A Tennessee disciplinary matter has made some national news this past week, so what I am writing about might be something you’ve heard about already.
It involves a Tennessee lawyer who has been given a 4-year suspension from practice, with one-year of active suspension for providing advice over Facebook to a woman about how she could potentially kill someone but make it appear to be self-defense and who advised that woman to delete the evidence from Facebook if she was serious.
Incredibly bad decision-making, obviously unethical conduct, and something that certainly is very deserving of punishment. I want to make all of that clear up front because I’m here otherwise to offer a pretty contrarian take on the opinion that the Tennessee Supreme Court put out explaining the outcome.
Before I do that though, and in case you hadn’t read anything at all about the case elsewhere, here is the gist of the relevant facts of the conduct itself taken from the Court’s very good summary, starting with its second sentence:
The attorney had a Facebook page that described him as a lawyer. A Facebook “friend” involved in a tumultuous relationship posted a public inquiry about carrying a gun in her car. In response to her post, the attorney posted comments on the escalating use of force. He then posted that, if the Facebook friend wanted “to kill” her ex-boyfriend, she
should “lure” him into her home, “claim” he broke in with intent to do her harm, and “claim” she feared for her life. The attorney emphasized in his post that his advice was given “as a lawyer,” and if she was “remotely serious,” she should “keep mum” and delete the entire comment thread because premeditation could be used against her “at trial.”
I started with the second sentence and not the first because the first sentence says: “This case is a cautionary tale on the ethical problems that can befall lawyers on social media.”
Well, it is now because the Tennessee Supreme Court decided to make it into one and to make that the most important thing that they have decided to emphasize. Why that was how the Court decided to frame this eludes me a bit.
This lawyer’s situation wasn’t one where he was merely interacting with people on social media without touting himself as a lawyer and without wading into the explicit giving of legal advice. That’s important to note at this moment in our nation’s history in particular as lots of robust debates are being had about where one might draw the line on the intersection of attorney ethics rules and First Amendment rights of lawyers. The Court’s opinion — as a result of its overall focus — offers some words that likely will only be capable of being read as having a very chilling effect on online speech. (More about that in a minute.)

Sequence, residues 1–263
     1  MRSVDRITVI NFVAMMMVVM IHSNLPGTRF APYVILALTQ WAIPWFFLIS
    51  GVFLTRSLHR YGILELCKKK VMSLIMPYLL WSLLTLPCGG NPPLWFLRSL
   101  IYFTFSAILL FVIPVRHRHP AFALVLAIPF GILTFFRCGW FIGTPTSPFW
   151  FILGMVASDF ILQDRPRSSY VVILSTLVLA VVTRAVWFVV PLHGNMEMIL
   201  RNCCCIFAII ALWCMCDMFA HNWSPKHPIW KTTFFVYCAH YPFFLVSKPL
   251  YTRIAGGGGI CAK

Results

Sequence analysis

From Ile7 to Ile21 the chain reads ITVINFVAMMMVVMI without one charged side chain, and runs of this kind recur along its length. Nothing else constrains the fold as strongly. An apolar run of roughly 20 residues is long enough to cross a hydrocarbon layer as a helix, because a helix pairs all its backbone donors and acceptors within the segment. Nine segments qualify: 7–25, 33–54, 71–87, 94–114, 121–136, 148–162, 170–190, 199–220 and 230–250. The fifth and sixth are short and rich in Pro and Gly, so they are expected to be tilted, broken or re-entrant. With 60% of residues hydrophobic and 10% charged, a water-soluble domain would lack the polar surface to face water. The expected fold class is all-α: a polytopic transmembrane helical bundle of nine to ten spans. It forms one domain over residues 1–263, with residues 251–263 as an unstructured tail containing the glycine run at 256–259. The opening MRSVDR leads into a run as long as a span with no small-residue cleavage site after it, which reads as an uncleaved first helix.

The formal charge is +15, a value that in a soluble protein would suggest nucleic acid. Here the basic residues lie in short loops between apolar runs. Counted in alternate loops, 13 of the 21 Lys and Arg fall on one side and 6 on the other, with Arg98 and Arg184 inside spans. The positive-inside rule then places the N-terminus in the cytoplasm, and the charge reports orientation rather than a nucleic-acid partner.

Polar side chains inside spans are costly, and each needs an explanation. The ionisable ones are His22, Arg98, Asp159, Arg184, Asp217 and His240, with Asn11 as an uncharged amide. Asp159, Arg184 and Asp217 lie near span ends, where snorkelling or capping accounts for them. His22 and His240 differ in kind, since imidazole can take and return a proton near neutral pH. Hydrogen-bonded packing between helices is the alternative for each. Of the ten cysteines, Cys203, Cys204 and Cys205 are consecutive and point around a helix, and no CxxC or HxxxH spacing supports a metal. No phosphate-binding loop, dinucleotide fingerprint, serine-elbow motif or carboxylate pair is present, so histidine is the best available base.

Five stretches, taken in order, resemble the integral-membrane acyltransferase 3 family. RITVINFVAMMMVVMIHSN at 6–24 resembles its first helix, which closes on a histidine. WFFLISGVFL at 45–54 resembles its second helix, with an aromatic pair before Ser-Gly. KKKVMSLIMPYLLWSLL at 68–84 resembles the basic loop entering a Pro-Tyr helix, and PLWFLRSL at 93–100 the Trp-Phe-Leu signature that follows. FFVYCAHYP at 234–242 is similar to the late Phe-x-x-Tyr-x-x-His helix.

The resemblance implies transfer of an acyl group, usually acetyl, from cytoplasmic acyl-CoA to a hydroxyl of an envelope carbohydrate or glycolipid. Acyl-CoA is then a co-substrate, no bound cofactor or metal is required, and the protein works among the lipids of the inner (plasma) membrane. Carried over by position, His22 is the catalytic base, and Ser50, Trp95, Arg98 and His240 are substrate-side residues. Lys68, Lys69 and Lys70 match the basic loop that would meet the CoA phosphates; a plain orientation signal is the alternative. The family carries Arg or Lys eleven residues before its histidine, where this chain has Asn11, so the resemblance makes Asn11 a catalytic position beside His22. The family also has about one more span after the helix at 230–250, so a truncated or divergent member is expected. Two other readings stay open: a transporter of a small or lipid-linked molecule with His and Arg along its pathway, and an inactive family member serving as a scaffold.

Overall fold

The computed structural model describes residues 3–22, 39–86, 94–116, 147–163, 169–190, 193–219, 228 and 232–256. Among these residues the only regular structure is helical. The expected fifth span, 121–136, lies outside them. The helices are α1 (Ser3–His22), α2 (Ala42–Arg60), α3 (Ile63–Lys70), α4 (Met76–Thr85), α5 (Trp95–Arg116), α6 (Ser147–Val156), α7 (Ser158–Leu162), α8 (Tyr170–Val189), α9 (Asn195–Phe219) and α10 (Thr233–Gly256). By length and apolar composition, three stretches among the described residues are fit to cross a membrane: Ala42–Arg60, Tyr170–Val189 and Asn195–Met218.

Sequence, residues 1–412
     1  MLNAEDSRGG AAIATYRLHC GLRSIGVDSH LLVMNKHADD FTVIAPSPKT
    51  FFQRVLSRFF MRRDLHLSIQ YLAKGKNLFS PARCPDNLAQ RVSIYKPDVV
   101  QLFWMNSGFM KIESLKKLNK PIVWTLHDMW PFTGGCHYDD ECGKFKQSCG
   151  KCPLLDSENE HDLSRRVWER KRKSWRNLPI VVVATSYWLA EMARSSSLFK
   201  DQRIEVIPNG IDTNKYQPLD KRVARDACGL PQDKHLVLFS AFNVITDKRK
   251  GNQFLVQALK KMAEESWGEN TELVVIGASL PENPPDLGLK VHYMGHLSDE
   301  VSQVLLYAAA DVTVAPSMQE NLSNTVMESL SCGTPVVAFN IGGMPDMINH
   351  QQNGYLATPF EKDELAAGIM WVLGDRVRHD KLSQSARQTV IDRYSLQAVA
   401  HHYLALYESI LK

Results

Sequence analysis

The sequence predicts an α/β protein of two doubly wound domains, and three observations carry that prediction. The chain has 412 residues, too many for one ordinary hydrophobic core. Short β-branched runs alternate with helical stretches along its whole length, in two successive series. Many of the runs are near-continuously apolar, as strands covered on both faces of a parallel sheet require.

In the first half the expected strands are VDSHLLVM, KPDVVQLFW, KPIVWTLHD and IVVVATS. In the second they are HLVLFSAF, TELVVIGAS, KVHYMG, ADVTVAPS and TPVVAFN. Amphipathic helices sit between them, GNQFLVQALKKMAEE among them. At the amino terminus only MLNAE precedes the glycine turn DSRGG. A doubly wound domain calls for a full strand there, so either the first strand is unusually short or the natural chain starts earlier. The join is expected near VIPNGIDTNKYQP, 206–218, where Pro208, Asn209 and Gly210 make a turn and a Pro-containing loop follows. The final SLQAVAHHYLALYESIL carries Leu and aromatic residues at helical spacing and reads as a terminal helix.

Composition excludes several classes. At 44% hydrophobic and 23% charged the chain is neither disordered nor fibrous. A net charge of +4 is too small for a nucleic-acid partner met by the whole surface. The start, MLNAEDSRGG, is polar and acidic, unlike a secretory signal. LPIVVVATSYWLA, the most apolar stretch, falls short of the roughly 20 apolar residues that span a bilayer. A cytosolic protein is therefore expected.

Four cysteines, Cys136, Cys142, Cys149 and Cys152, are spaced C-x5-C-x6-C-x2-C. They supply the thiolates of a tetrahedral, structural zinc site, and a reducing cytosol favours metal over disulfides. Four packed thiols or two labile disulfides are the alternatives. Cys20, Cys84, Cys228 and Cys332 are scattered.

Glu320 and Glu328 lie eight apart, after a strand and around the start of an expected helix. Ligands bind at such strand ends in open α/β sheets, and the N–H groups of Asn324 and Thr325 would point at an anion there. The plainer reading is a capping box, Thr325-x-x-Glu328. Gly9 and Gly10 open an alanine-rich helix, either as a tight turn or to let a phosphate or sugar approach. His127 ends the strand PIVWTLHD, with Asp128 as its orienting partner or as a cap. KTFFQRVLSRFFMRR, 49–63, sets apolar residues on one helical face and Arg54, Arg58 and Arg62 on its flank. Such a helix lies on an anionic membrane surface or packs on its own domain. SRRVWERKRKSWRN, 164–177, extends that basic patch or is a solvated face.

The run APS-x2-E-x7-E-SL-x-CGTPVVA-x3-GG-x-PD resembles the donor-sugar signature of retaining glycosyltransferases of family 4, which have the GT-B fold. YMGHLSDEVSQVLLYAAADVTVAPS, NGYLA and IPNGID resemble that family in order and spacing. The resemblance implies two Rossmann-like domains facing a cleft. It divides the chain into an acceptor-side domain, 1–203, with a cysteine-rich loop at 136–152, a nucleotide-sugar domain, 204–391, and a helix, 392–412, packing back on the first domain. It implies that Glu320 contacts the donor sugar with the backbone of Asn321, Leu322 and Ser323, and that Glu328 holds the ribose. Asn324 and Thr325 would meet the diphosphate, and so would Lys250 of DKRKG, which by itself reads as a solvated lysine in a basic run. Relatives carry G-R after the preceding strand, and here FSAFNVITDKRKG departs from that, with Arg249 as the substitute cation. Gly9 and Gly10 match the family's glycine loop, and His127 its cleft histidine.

The Court could have focused on what this situation fundamentally was – an instance of a lawyer doing at least two things that are absolutely antithetical to what it means to be a lawyer: (1) giving legal advice to people designed to help them commit crimes and get away with it; and (2) giving legal advice to people about how to destroy evidence.
Instead, the Court puts an exceedingly high amount of emphasis on the fact that this interaction occurred on social media because these posts, made publicly, “fostered a public perception that a lawyer’s role is to manufacture false defenses. They projected a public image of corruption of the judicial process.” The Court even almost exclusively justifies its decision to change the original outcome of the disciplinary proceedings from a 60-day suspension to a 4-year suspension on treating the lawyer’s having done this on public social media as an aggravating factor. In so doing though, the Court drops a footnote to say that it didn’t know, and it didn’t matter, whether the person being given the advice had made their Facebook page public or private. (If it was going to go down this path, it should have gotten an answer to that question because it does in fact matter.) In so doing, the Court also avoids acknowledging that, on some level, if the lawyer had sent the legal advice to the person via a private Facebook direct message then that conduct actually might have been worse on the whole.